The S’s handling was developed at Aston Martin's Nürburgring test centre, centring on new three-stage adaptive damping, even better carbon ceramic brakes, and a new track mode. Close-to-production spec examples of the S completed the tough 24hrs race in both 2013 and 2014. Styling and aerodynamic changes included a carbon fibre front grille, black roof and rear grille, lightweight forged alloy wheels, and new finishes on the interior seats, doors and controls.
This time around, convertible fans were spared a three-year wait for the open-top version. As before, the 2015MY V12 Vantage S Roadster launched at Pebble Beach in 2014 was 80kg heavier than the coupe at 1,745kg, but its 0-62 time was only 0.2sec slower at 4.1sec and the top speed was marginally down at 201mph. It was priced at £152,526.
In April 2016 Aston announced that the V12 Vantage S would be available with a 7-speed manual transmission incorporating Aston's AMSHIFT tech using clutch, gear position and propshaft sensors to deliver heel-and-toe style downshifts and full throttle upshifts. In case you needed reminding of the dogleg shift pattern on your way into the car – and with this much metal thrashing about around you it was important to get that right – it was engraved on the door sill. At the same time the S received a new Sport-Plus Pack option with new cosmetics inside and out, 10-spoke graphite alloys and new accent colour options for the grille, sills, mirror shrouds and rear diffuser.
A Vantage GT12 limited edition of 100 cars was issued in 2015. Taking styling cues from the V12 Vantage GT3 sports car racer, these cars had 595hp engines with magnesium inlet manifolds and torque tube, a full titanium exhaust, race-style arches and boot wing, and lots of carbon fibre in the lightweight power seats and tailgate infill trim as well as in the cabin and the body panels (front wings, bonnet, door casings and optional roof). You could even have polycarbonate instead of glass for the rear screen and rear quarter windows. Weighing 100kg less than the V12VS the 1,565kg GT12 was arguably the nearest thing to the stripped-back RS concept of 2007. GT12 prices today are not light, however. A 700-mile GT12 is on sale in PH Classifieds at the moment at £329,950.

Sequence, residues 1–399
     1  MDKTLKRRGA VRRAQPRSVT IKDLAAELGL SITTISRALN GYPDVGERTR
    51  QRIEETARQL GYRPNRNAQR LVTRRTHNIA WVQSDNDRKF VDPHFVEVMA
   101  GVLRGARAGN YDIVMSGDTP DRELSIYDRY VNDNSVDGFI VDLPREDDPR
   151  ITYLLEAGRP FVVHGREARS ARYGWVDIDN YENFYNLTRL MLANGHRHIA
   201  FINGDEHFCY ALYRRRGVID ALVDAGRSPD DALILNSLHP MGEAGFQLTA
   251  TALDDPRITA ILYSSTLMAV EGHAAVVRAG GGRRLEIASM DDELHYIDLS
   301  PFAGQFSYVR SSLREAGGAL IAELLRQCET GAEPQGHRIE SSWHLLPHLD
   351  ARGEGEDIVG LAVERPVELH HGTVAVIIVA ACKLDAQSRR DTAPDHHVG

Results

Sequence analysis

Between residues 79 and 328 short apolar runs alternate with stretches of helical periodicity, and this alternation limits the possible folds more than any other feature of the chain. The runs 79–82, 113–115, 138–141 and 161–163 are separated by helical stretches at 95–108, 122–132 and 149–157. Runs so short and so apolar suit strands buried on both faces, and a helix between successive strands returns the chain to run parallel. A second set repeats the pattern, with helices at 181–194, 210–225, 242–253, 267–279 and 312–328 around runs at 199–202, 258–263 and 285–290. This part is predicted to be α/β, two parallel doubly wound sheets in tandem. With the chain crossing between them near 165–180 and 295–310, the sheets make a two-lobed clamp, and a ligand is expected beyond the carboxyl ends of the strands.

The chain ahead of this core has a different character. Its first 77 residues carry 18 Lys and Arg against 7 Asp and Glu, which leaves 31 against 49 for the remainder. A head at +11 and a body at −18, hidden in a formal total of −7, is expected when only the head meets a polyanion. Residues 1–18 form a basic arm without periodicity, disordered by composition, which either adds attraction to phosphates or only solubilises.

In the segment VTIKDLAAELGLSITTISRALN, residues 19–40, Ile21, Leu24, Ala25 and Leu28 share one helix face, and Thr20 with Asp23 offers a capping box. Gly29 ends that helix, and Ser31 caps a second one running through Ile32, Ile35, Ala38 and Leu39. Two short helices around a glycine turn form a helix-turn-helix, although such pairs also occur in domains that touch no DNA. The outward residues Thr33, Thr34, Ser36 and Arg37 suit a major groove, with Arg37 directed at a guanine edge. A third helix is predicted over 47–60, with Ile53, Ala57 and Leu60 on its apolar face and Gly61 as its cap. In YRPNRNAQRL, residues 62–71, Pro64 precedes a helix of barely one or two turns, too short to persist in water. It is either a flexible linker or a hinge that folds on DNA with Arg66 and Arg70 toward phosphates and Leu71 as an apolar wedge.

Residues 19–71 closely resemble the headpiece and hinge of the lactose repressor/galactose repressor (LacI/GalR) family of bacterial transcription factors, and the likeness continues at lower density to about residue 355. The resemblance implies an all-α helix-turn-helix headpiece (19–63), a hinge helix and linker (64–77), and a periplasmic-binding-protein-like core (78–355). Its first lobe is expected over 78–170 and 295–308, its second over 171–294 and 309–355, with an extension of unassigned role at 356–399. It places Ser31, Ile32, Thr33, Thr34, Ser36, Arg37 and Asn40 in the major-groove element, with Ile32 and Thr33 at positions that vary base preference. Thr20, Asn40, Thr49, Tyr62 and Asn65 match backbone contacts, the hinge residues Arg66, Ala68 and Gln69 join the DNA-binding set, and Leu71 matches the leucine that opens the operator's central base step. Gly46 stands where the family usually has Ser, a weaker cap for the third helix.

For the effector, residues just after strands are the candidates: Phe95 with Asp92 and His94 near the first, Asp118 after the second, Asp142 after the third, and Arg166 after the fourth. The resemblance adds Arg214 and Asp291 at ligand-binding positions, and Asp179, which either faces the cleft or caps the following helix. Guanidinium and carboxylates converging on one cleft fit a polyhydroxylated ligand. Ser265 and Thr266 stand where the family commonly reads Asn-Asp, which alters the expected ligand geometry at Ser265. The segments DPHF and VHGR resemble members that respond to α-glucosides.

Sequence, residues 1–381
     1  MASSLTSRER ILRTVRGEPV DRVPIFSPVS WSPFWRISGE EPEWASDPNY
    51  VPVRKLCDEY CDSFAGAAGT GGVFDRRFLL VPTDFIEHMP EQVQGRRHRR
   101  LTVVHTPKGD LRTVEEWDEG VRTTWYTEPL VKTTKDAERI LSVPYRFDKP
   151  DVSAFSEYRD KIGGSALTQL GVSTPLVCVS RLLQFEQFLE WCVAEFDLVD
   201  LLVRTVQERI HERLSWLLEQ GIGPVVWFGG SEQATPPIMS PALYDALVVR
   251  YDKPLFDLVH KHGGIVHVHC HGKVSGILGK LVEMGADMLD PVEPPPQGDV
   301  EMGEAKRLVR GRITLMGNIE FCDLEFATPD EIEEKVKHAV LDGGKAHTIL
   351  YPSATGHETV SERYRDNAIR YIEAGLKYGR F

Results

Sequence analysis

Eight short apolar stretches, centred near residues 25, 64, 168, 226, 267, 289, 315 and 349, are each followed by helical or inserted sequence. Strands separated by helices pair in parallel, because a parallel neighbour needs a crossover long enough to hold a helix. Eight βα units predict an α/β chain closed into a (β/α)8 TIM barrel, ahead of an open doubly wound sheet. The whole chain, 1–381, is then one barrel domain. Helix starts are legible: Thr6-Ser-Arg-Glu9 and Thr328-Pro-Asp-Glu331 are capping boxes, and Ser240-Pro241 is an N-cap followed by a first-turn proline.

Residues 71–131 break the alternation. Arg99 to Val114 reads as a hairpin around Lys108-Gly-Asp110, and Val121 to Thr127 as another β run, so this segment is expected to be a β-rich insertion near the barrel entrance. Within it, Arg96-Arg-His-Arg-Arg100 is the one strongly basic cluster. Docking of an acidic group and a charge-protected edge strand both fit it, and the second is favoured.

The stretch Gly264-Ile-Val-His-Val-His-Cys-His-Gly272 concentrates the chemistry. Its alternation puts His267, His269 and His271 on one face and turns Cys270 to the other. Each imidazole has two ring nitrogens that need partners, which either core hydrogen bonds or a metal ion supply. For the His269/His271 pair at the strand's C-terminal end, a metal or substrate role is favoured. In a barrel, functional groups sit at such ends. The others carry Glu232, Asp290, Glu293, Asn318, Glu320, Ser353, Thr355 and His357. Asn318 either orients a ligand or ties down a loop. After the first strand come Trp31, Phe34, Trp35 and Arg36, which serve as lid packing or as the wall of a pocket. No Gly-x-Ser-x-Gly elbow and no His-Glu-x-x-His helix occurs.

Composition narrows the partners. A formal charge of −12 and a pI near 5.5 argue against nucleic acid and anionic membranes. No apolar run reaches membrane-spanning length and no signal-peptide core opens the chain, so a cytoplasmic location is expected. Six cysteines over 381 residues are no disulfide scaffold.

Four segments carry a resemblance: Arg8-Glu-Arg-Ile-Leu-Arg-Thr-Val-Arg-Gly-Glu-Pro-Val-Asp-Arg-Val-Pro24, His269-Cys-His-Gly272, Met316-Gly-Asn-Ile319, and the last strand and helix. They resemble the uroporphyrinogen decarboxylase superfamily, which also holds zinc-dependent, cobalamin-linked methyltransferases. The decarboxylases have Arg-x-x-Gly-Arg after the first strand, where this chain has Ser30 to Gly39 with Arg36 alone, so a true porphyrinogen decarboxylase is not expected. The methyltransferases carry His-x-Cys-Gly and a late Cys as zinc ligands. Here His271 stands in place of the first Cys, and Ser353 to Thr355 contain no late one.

Interestingly we can make a direct comparison between the GT12 and the RS concept because the one and only road-registered RS01 concept is also up for sale on PH Classifieds at the moment at £295,000. When it was up for auction in July 2018 the estimate was £400k-£500k so you might think it's a bargain now, even taking into account the life it would have lived (the speedo was disconnected for the press tests at Ricard, ahem). It won’t be much good for touring unfortunately as the boot is largely occupied by the oil tank for the dry sump engine. What a thing to have in the garage though.
We’re getting ahead of ourselves here, telling you about V12 Vantages to buy before we’ve told you whether they’re any good from an ownership point of view. The core proposition does look juicy though. One of Britain's top motoring journos called the V12 Vantage 'one of the best Aston Martins ever'. Another rated the V12 Vantage S above the Porsche 911 GT3 in a Britain's Best Driver's Car contest.
Far be it from us to suggest that, if you’re not even a little bit interested in the idea of an utterly majestic normally aspirated twelve-cylinder engine in an excellent chassis and a beautiful body that carries one of the greatest badges in automotive history, there’s something wrong with you. Assuming that you don’t fall into that unlikely sounding demographic, the possibility of buying a V12 Vantage for not much more than £60,000 may have already hooked you. You just need to find out what, if anything, might lie in wait for the unwary buyer.
SPECIFICATION | ASTON MARTIN V12 VANTAGE (2009-on)
* 2013-on Vantage S
Engine: 5,935cc V12 48v normally aspirated
Transmission: 6-spd manual (*7-spd auto or manual), rear-wheel drive
Power (hp): 510 (*565)@6,500rpm (*6,750)
Torque (lb ft): 420 (*457)@5,750rpm
0-62mph: 4.2 secs (*3.9 secs)
Top speed: 190mph (*204mph)
Weight: 1,680kg (*1,665kg)
MPG (official combined): 17.2 (*19.2)
CO2: 388g/km (*343g/km)
Wheels: 9 x 19in (f), 11 x 19in (r)
Tyres: 255/35 (f), 295/30 (r)
On sale: 2009 – 2018
Price new: £135,000 (*£143,000)
Price now: from £63,000
Note for reference: car weight and power data is hard to pin down with absolute certainty. For consistency, we use the same source for all our guides. We hope the data we use is right more often than it’s wrong. Our advice is to treat it as relative rather than definitive.
ENGINE & GEARBOX